This post is mainly for all us Church of Christ lifers.
Our resistance to liturgy is ironic; we are a highly liturgical people. We are comforted by the words “separate and apart,” we draw strength from “guide, guard, and direct,” and we believe the sermon will be better if God will only give the preacher a “ready recollection.” We must hear Acts 2:38 in church at least monthly. We must eat and drink the Lord’s Supper every Sunday. And we have our hard-held creeds. We “do Bible things in Bible ways and call Bible things by Bible names.” We know “the church is not the building, it’s the people.” We have our five steps of salvation. We know 728B. Three songs and a prayer, to us, feels like church. I could go on and on and so could you. We have a liturgy. We have our creeds. Yet, we’re so uncomfortable with liturgy. And creeds.
It’s nothing to be ashamed of. We come by it naturally. Our movement has traditionally and, largely uncritically, rejected almost all forms of Christian liturgy as symbols of religious excess and tools for clerical abuse. As non-Scriptural innovations. As rote formulas and meaningless ritual. Most of us can’t help the way a memorized creed or a written prayer makes us feel. We were raised to believe it wasn’t real, it didn’t come from the heart, unless you made it up on the spot.
Let me invite you to participate in an Ash Wednesday service somewhere next week.
Ash Wednesday marks the first day of Lent, the season of repentance and prayer and fasting before Easter. In the early decades of Christianity, this 40-day period was observed by candidates for baptism, which was typically reserved for Easter Sunday. In the third and fourth centuries, people who were separated from the Church because of sin – the early “backsliders” – observed a season of Lent as they were restored to fellowship. Then, over time, the Church recognized that it would be good for all Christians to practice regular seasons of repentance, prayer, and fasting. All Christians need to be reminded that repentance is a daily exercise, not a one time event. Every day is a dying and a rising, a dying to self and a rising to new life in Christ. All Christians need the assurance of the forgiveness and salvation that is promised in the Good News, that was accomplished in the life, death, and resurrection of our Lord Jesus. So, I would encourage you to find an Ash Wednesday service next Wednesday and go.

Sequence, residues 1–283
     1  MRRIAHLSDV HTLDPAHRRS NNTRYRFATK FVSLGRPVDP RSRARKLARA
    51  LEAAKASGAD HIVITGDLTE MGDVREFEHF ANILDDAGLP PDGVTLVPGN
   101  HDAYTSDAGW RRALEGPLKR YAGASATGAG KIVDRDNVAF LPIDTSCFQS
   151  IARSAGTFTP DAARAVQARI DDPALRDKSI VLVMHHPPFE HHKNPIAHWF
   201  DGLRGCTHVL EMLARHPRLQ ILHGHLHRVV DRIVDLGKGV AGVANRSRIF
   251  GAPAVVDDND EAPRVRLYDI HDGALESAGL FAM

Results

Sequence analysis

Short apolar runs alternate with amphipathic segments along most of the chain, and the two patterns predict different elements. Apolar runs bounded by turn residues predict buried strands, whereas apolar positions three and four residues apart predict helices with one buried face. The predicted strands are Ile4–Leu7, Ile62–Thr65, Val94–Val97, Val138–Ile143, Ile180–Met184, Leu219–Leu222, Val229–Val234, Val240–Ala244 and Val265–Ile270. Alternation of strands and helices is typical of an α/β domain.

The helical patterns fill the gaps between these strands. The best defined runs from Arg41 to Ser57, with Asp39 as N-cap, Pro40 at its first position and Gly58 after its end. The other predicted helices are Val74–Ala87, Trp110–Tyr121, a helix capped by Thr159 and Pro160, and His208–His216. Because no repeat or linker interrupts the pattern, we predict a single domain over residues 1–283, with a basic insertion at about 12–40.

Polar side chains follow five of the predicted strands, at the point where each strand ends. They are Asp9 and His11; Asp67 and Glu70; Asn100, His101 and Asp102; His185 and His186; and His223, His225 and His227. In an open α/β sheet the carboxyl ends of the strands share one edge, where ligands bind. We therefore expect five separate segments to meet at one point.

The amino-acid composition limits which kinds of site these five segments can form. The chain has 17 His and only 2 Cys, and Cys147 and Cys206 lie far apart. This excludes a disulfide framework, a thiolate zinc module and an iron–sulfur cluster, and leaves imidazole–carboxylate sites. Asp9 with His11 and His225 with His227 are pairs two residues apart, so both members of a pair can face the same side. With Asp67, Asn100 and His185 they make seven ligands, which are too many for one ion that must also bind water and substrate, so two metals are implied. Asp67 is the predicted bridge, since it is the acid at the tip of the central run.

It might be a brand new thing for you. It might be a little strange. It might be really beautiful. You might learn something, you might see something, you might hear something or experience something that could really bless you and increase your faith.
They’re going to put ashes on your forehead. Let them. Be open to it. See what happens.
The ashes serve as a physical reminder of the Gospel. They remind us that we are human – ashes to ashes and dust to dust. We are fallen and frail, we are sinful creatures in dire need of a Savior. They also serve as a physical manifestation of the repentance and sorrow we feel in our hearts because of our sin. In the Bible and throughout world history, ashes have always symbolized repentance. Why not participate in that godly practice? The ashes also remind us of the centuries of burnt offerings sacrificed by God’s people and point us to the Promised One of Israel whose once-for-all sacrifice on the cross surpasses in glory anything ever offered by a priest. The ashes are merely a physical representation, a practical proclamation of everything we believe in our heads and hold dear in our hearts.
Here in Midland, our Church of Christ at Golf Course Road is partnering with our brothers and sisters at First Presbyterian Church in a joint Ash Wednesday service next week. As it turns out, their pastor Steve Schorr and that congregation are just as passionate about tearing down the walls between Christian denominations as I am and we are at GCR! (I’ll write more about this in the next day or so.)
If you’re a CofC’er out here in West Texas, I’m inviting you to join us for the Ash Wednesday service at First Pres. If you’re reading this from somewhere else, I’m inviting you to find a church in your town that observes Ash Wednesday and join them. Go with a group of people so you can process it together afterward. Ask God to speak to you during the service, to reveal himself to you, to grow your faith in him, and to strengthen the bond you have with all disciples of Christ throughout all Christian denominations. And as you leave the assembly, be resolved to remain in the Word, to continually self reflect, and to be in constant prayer.
Nothing will be off the cuff. It will all be carefully scripted. And maybe, just maybe, by God’s grace and power of his Spirit, it might be exactly what you need.